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8 thoughts on “Thursday Movie Pick #11: Ancient World (3600 BC – 500 AD)”

  1. Love a theme within the theme! Sadly I’ve seen none of them, Chinese and Japanese cinema are my biggest blindspots, but they all sound interesting. It will give me a good starting place.

    I’m a big fan of films set in antiquity so the hardest part was narrowing down, unfortunately I had to leave out one of my favs, The Ten Commandments since I’ve used it before but picked three others from the same period. It’s my preferred one for this sort of film.

    Quo Vadis? (1951)-Huge, impressive epic of Nero’s (Peter Ustinov) reign and his persecution of the Christians. Against the broader scale of the story (with amazing sets and a literal cast of thousands) is the tale of Roman general Marcus Vinicius (Robert Taylor) who falls in love with the Christian Lygia (Deborah Kerr) and slowly adopts her religion, a very dangerous decision for the time. Vast in scope with pageantry and a human feel that can’t be replicated by CGI that thanks to the direction and performances, Leo Genn is particularly fine as Marcus’s Uncle Petronius, remains more accessible than many similar films of the period.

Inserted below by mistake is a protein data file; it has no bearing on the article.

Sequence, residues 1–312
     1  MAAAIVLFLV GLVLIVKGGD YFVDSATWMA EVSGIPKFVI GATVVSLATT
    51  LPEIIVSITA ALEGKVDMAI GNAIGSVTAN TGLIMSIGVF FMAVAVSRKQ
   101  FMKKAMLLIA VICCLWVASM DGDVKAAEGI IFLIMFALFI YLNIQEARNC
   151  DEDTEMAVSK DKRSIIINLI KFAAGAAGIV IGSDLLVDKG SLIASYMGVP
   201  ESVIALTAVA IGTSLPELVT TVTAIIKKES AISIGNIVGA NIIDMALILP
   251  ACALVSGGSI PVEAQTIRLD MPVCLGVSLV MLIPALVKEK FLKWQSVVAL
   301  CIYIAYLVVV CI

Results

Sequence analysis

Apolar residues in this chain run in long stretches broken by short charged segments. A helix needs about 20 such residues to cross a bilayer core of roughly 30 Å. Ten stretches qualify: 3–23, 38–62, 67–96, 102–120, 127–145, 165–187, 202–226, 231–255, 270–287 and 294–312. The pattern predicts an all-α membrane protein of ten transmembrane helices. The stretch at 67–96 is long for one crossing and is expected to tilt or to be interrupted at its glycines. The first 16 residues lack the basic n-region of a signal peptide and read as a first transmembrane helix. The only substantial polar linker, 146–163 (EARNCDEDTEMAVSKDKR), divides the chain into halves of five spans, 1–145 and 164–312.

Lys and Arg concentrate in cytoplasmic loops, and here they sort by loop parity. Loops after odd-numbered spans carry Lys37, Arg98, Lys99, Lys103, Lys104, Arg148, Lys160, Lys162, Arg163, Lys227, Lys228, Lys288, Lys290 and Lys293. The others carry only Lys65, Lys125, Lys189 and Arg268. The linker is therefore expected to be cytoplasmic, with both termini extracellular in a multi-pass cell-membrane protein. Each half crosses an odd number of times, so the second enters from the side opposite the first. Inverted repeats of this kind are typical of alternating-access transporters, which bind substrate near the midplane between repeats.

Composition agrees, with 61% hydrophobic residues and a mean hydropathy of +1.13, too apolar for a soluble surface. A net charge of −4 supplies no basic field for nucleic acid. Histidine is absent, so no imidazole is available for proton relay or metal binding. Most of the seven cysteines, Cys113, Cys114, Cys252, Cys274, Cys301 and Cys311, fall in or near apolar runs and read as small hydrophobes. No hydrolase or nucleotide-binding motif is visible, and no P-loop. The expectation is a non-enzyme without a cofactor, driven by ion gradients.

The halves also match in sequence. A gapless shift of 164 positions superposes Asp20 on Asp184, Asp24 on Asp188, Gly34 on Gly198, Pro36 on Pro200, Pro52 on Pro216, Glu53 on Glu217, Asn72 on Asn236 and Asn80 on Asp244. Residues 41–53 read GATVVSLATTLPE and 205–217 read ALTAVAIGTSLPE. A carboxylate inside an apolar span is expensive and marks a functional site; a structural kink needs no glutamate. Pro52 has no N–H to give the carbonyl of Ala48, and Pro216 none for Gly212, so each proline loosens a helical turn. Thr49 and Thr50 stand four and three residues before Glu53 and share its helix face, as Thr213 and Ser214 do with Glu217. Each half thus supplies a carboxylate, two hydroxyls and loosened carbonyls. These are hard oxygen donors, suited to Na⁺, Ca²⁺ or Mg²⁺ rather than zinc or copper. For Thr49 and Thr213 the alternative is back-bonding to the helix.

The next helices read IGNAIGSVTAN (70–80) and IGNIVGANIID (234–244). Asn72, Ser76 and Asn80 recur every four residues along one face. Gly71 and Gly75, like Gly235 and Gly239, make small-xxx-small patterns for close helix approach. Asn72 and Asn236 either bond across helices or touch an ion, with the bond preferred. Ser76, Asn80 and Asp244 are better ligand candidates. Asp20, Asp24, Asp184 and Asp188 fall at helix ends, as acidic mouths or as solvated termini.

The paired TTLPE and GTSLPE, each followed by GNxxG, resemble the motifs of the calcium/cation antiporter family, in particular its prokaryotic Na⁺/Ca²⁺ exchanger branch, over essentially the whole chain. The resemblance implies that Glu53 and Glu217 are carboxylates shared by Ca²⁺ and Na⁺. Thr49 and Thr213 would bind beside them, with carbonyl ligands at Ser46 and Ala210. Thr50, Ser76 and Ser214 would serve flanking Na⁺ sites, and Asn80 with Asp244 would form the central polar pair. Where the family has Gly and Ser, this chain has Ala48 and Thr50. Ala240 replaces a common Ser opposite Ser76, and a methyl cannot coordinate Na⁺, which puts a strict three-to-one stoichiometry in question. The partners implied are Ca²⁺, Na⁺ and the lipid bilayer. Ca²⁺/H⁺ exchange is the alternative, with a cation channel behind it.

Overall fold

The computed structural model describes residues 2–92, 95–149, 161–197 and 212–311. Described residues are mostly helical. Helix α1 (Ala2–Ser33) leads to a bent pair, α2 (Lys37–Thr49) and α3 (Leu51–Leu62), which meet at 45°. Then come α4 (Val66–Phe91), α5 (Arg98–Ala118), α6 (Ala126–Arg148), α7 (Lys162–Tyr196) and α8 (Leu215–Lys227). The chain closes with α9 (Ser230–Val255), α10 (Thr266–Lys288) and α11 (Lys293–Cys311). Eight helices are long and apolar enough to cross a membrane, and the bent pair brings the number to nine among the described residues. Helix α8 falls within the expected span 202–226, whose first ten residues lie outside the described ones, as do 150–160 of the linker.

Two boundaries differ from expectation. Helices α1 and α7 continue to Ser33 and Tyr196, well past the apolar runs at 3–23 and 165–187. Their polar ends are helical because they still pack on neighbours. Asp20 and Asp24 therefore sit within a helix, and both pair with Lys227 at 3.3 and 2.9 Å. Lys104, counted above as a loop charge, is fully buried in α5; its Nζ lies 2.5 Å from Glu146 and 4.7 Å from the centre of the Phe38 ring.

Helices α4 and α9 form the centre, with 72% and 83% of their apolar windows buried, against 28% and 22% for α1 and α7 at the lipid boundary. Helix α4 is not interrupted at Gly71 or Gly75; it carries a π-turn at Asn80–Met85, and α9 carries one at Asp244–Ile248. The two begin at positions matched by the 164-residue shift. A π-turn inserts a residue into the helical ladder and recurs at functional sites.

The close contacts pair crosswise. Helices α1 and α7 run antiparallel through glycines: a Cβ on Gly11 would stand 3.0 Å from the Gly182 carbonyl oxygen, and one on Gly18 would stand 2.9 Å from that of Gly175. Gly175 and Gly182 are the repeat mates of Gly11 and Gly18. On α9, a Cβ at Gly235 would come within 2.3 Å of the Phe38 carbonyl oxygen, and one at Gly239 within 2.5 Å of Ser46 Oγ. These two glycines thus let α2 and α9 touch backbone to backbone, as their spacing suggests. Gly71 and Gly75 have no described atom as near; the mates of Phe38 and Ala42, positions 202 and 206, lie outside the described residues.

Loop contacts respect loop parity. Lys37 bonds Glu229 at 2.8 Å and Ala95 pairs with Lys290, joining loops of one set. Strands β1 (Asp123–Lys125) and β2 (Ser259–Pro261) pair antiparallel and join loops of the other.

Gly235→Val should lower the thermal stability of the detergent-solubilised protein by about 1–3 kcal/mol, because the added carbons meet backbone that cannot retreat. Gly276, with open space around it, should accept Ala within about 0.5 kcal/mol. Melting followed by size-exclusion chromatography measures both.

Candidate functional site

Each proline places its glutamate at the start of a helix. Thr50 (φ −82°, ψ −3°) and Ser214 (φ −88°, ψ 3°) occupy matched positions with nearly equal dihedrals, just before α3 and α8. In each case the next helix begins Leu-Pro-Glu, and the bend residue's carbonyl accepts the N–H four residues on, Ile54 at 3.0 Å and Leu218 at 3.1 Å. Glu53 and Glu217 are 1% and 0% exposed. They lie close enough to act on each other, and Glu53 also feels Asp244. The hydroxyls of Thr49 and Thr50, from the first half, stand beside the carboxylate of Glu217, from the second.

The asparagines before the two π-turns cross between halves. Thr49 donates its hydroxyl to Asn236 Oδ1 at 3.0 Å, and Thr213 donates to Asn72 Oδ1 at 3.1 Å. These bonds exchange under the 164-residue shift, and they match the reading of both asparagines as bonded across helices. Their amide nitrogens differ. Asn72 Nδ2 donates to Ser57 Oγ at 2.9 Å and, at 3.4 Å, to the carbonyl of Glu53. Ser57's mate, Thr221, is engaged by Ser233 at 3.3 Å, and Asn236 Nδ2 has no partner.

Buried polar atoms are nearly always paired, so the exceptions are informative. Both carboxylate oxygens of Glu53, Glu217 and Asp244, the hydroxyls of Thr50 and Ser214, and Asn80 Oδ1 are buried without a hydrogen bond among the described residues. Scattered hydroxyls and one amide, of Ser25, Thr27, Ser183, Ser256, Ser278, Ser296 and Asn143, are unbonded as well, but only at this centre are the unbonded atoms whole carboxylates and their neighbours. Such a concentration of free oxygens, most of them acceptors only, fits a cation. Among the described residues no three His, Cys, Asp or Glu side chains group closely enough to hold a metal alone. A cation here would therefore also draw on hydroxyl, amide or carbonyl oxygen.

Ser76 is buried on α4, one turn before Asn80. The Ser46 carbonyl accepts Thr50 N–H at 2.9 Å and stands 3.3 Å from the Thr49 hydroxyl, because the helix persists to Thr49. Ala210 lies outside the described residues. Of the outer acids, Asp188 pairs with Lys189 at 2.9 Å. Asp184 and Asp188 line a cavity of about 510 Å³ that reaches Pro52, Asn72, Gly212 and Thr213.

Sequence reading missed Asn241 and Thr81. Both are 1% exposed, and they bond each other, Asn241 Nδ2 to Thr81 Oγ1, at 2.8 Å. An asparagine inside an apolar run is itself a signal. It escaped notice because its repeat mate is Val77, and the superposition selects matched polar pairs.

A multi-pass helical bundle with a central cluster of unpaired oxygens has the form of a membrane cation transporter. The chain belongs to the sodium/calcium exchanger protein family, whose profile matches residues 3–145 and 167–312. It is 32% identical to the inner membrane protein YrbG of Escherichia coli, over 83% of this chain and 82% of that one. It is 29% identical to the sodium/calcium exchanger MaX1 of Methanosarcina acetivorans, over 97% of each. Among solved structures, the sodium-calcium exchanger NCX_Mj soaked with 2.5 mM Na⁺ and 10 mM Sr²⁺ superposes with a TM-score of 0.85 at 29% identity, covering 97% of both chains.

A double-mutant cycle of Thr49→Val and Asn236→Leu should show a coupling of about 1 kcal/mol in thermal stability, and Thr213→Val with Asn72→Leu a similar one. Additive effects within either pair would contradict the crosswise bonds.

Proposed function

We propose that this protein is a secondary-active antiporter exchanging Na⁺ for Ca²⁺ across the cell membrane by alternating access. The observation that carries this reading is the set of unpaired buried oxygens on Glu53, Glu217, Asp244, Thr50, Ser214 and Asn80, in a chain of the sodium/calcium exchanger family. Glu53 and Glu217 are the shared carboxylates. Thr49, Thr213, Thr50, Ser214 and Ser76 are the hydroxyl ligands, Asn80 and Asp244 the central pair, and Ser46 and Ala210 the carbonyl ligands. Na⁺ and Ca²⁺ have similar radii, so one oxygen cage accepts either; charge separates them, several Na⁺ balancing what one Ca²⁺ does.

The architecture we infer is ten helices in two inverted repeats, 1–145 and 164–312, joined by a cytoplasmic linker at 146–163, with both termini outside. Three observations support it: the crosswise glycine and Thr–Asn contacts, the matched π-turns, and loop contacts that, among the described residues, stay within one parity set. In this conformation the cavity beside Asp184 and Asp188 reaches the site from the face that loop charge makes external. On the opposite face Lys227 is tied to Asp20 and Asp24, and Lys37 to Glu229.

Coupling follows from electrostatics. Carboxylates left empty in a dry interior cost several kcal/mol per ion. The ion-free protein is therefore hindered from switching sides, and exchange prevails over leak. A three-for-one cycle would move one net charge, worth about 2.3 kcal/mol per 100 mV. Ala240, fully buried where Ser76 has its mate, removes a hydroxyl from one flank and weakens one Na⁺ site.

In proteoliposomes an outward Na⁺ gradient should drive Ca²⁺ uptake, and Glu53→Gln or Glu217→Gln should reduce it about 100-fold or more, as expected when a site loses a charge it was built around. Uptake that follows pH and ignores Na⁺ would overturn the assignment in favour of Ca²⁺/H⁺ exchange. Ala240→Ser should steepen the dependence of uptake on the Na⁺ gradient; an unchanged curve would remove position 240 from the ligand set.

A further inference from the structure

Land of the Pharaohs (1955)-Hooty nonsense about the building of the Great Pyramid in ancient Egypt. Packed with quality British actors, including Jack Hawkins, James Robertson Justice and Sydney Chaplin, extravagantly playing to the back row and best of all (well most campily of all anyway) a young and very beautiful Joan Collins vamping it up as the pharaoh’s wife Nellifer. To say she’s good would be a stretch but she sure is entertaining. The usually excellent Howard Hawks doesn’t seem to have a handle on the pace of the story so despite the florid ridiculousness of the picture it occasionally drags.

    Demetrius and the Gladiators (1954)-Fictional sequel to The Robe picks up where that film ended. The movie follows two stories: faithful Demetrius (Victor Mature) the soldier converted to Christianity in the first picture is pressed into being a gladiator and catches the eye of the salacious Messalina (Susan Hayward) wife of Emperor Caligula’s uncle which causes a crisis of conscience. Meanwhile the mad Caligula pursues Jesus’s robe believing it to have magical powers. Star-studded if improbably cast (i.e. Ernest Borgnine as a Roman centurion) with future stars Anne Bancroft and Julie Newmar appearing briefly. Nicely produced if a bit overblown.

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    1. I believe your film repertoire will give you much likeness to Asian cinema. I bet you’d like most of it.
      Sadly, I haven’t watched any of your recommendation. In fact, I’ve heard none of them. I’d better go and check ’em out

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  2. I absolutely love the fact that you went all China. Also, it makes me realise how many good films I still have to watch. Thanks for the reminder!